Mysteries (1892) is the story of Johan Nilsen Nagel, a mysterious stranger who suddenly turns up in a small Norwegian town one summer-and just as suddenly disappears. Nagel is a complete outsider, a sort of modern Christ treated in a spirit of near parody. He condemns the politics and thought of the age, brings comfort to the insulted and injured and gains the love of two women suggestive of the biblical Mary and Martha. But there is a sinister side of him: in his vest he carries a vial of Prussic acid. The novel creates a powerful sense of Nagel's stream of thought, as he increasingly withdraws into the torture chamber of his own subconscious psyche.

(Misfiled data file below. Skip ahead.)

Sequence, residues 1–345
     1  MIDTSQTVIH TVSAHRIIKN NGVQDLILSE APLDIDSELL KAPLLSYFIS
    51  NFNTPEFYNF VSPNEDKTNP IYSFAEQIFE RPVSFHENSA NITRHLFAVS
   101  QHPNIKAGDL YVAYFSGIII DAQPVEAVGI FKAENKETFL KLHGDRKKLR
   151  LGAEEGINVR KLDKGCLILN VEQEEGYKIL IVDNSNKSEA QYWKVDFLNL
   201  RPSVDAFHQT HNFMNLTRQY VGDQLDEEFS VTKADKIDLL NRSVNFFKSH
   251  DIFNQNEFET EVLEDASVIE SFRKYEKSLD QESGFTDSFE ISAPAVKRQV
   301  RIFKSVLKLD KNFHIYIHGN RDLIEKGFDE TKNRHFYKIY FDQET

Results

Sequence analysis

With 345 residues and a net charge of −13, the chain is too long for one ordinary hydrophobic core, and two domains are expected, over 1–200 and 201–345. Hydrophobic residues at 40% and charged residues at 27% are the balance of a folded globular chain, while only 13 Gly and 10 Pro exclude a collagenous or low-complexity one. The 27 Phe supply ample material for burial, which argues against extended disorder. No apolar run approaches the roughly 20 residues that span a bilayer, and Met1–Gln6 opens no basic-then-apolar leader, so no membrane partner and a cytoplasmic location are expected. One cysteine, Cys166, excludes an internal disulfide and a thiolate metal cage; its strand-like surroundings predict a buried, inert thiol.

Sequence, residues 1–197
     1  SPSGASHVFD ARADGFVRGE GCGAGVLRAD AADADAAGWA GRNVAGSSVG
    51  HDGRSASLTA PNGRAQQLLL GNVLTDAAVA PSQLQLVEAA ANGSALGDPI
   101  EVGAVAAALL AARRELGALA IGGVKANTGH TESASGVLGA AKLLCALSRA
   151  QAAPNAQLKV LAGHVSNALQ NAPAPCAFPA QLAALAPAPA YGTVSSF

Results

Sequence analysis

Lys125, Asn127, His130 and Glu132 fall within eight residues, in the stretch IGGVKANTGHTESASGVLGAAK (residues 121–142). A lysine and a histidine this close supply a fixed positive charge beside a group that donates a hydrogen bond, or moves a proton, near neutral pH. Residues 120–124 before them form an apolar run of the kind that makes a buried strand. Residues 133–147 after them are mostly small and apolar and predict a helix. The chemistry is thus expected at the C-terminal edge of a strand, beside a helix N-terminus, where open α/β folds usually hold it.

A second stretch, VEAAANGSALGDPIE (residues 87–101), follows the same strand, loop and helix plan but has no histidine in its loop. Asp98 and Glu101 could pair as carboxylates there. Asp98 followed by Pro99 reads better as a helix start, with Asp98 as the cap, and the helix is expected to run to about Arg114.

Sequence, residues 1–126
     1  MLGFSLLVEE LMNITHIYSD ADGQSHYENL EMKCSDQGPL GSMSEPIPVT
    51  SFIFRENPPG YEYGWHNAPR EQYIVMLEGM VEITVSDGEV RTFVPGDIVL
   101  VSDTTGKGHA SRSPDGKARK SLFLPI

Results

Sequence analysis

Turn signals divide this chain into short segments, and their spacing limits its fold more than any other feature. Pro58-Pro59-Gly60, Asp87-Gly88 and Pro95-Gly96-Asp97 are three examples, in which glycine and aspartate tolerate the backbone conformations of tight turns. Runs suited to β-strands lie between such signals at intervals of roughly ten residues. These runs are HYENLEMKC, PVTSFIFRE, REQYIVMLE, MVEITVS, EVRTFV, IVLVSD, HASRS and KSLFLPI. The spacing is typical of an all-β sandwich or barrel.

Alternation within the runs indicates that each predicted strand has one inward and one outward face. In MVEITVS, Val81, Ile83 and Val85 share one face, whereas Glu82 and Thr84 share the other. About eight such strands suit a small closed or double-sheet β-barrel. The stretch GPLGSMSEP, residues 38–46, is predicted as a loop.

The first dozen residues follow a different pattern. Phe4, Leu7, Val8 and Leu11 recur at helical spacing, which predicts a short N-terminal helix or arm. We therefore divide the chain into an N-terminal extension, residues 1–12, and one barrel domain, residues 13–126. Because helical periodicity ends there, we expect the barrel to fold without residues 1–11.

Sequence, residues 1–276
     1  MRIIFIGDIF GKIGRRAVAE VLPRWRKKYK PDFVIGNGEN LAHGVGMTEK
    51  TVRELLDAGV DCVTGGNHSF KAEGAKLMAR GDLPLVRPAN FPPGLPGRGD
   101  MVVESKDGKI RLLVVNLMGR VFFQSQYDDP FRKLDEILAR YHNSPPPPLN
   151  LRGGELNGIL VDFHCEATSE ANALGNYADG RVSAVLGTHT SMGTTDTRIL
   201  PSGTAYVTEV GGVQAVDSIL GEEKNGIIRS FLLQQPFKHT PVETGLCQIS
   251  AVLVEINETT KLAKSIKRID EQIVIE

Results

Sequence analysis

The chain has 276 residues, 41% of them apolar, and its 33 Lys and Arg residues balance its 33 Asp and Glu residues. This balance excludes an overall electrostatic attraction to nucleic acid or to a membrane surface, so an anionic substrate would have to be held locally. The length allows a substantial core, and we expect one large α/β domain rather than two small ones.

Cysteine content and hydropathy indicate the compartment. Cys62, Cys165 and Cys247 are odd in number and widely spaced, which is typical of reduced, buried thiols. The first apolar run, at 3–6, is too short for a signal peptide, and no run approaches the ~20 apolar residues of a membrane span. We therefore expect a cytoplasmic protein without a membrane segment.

Mysteries is closer to me than any other book I have read. (Henry Miller)
Never has the Nobel Prize been awarded to one worthier of it. (Thomas Mann)
It is as immediate as last night's dream or nightmare. (The New York Times)
Author Bio: Knut Hamsun (1858-1952) was born to a farming family and spent much of his early life impoverished and unknown, before finding success with his novel, Hunger (1890). He was awarded the Nobel Prize for Literature in 1920.
Sverre Lyngstad, born in Norway, translated the Penguin Classics editions of Hamsun's Hunger and Pain.